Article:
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Hotel Giants to Expand China Networks
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International hotel giants are aggressively expanding their networks on the Chinese mainland with increased investment, according to an August 18 China News Service report.


The report quoted an article from the latest issue of Time Express, a Taiwan-based magazine, which says that China is expected to replace the US by 2020 as the world's most popular tourist destination.


Attractive travel destination


China's booming hotel industry is one of the fastest-growing in the world. Foreign investment in China's newest hotel properties is surprising. "It is hot to the highest point," said Patrick Ford, CEO of US hotel industry research group, Lodging Econometric. "For hotel operators, China is one of the most attractive places in the world. Therefore, the funds are being invested in an endless stream and major international hotel brands are vying to get in."


Ford said that 188 new hotels are being built in China, 145 of them four- or five-star hotels each with at least 200 rooms. Even if the project, estimated to cost about US$8 billion, isn't completed, this wave of construction boom can still provide as many as 30,000 new rooms.


Local hotels at a disadvantage


Many foreign investors seem to be confident about making huge profits in China. A major reason for this assuredness is that local hotels have poor brand recognition compared with their overseas rivals and cannot match international standards in terms of price and services.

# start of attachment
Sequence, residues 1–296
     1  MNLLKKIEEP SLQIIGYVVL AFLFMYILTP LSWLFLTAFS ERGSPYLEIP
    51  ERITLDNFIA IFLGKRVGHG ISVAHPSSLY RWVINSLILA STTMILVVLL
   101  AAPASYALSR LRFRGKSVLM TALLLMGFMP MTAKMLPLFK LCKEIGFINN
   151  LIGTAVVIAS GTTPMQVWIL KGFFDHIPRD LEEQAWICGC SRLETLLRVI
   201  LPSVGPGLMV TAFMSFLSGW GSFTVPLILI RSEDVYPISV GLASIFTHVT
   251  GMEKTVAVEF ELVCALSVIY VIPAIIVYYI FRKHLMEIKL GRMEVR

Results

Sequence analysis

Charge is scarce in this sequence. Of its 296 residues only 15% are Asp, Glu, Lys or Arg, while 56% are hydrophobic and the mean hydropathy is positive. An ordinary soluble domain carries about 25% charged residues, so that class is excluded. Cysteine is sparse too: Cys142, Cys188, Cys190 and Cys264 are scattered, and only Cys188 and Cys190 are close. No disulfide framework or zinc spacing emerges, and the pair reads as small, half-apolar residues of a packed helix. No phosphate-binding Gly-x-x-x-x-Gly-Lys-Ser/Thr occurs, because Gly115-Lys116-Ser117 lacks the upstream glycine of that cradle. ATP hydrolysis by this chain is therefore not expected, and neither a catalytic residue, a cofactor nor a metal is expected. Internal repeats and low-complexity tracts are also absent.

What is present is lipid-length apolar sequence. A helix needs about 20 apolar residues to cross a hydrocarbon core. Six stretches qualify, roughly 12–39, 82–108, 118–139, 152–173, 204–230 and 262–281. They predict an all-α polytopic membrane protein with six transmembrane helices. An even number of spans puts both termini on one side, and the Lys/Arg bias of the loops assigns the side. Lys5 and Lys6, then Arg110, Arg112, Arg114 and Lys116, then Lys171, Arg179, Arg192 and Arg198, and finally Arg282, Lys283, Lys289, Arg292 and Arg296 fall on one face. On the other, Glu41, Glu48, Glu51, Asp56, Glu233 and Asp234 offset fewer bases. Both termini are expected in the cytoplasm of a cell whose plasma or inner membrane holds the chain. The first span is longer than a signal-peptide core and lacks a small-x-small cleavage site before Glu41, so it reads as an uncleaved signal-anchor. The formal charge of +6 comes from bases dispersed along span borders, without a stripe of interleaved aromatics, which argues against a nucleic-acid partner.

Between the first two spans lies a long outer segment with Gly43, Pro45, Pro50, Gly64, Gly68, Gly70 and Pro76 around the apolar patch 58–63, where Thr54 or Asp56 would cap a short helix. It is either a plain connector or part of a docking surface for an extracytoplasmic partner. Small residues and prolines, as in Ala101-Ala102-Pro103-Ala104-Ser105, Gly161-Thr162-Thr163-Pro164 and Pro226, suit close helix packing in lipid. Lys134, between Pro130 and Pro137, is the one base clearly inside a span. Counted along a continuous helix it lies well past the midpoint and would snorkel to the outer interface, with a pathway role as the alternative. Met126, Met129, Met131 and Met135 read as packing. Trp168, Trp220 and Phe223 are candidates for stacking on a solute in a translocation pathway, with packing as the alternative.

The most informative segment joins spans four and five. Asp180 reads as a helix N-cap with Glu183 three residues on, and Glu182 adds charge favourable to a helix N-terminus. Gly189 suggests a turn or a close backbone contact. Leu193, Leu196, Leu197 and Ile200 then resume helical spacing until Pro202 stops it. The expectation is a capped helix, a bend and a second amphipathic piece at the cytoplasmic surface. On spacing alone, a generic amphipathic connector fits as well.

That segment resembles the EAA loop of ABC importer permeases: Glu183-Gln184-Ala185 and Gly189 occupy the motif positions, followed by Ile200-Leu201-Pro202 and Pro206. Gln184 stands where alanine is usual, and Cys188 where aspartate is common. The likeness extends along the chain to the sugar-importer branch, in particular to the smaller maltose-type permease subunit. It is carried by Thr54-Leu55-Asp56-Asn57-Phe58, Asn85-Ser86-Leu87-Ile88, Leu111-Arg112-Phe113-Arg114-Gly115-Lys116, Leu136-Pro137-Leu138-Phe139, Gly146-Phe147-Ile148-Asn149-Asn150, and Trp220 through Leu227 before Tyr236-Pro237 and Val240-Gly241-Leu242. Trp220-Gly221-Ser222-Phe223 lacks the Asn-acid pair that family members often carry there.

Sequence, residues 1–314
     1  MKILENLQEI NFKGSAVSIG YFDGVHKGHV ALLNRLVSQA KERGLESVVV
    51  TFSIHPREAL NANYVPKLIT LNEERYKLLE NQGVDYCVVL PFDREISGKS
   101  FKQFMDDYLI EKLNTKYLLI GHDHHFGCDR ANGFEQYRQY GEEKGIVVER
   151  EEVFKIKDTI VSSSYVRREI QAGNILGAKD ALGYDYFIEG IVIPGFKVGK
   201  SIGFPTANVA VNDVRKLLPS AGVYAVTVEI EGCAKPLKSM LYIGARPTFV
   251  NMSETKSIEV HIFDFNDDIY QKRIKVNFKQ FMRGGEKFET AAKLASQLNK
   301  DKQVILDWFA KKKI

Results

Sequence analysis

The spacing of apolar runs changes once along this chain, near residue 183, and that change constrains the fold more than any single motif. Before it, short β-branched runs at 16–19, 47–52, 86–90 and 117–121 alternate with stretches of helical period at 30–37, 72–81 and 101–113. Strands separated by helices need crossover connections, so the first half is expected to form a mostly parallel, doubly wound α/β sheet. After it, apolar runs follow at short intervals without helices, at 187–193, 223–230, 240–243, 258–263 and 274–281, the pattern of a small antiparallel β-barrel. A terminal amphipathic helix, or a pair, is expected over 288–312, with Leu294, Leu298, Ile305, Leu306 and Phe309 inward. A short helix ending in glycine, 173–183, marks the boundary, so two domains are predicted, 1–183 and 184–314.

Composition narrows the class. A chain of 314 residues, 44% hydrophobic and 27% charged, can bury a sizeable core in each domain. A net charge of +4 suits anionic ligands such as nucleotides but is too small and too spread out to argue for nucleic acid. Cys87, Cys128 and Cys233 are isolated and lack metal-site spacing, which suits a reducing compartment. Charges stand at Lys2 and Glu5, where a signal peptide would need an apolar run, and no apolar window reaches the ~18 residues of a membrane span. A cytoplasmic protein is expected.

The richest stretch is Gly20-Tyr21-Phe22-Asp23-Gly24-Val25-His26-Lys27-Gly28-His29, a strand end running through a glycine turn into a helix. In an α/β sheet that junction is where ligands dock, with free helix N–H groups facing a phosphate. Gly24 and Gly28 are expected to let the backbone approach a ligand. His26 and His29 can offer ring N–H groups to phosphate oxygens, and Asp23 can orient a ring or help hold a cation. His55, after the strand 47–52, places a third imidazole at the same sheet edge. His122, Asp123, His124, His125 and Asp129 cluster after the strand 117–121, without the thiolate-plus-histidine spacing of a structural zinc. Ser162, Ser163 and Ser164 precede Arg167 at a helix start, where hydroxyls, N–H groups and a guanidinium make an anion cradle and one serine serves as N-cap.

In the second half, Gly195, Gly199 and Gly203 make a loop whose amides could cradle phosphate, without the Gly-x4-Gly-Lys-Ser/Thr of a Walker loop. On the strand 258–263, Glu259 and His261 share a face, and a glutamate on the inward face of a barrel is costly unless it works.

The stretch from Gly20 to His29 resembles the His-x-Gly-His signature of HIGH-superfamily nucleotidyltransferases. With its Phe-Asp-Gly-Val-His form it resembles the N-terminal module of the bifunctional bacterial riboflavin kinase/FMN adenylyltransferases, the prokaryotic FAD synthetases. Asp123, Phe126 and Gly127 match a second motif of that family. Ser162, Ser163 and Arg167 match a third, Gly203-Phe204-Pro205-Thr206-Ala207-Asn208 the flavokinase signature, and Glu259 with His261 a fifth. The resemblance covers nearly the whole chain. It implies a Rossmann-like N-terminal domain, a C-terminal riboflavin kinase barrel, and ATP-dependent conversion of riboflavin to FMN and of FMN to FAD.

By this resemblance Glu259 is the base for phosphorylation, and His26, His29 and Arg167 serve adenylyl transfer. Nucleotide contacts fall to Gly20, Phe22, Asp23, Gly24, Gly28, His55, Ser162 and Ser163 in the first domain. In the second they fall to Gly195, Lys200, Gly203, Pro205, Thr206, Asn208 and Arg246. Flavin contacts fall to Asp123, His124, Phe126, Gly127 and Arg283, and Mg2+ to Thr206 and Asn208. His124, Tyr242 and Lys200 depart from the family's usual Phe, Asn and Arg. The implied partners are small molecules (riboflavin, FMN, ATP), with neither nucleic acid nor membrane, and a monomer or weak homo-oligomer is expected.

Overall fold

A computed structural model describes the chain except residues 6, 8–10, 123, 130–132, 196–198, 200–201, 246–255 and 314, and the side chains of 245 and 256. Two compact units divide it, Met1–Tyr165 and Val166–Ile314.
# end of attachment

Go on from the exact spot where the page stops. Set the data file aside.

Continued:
"Prada or Mont Blanc (products) can be imitated, but it is impossible to counterfeit luxury services," the Ritz-Carlton Hotel manager Gong Borui said. "The living experience cannot be imitated."


Ford is of the same view: "None of the Chinese brands can match the Marriott, Hyatt, Hilton, Westinghouse and other big names."


Which is why domestic hotel operators are working toward alliances with the international big wigs. In such alliances, the local partner is typically responsible for funding the construction of the hotel, while the foreign partner takes on the management and operation of the business. In this way, the foreign brands, with their professional experiences, would ensure that designs, concepts, technical and service standards satisfy international criteria.


Top tourist destination by 2020, surpassing US


Fuelling increased investment in China's hotel industry are healthy forecasts for the inbound tourism sector. According to the World Tourism Association, China is currently the fourth most popular tourist destination in the world, and could reach the number two spot in 10 years. More significant is that China could become the world's most visited country by 2020, surpassing the US, which welcomes 130 million visitors annually.


China's burgeoning domestic tourism market is also one of the drivers of the rapidly growing hotel industry. By 2010, there will be an estimated 1.8 billion domestic tourists traveling the country, up from the current 1.2 billion.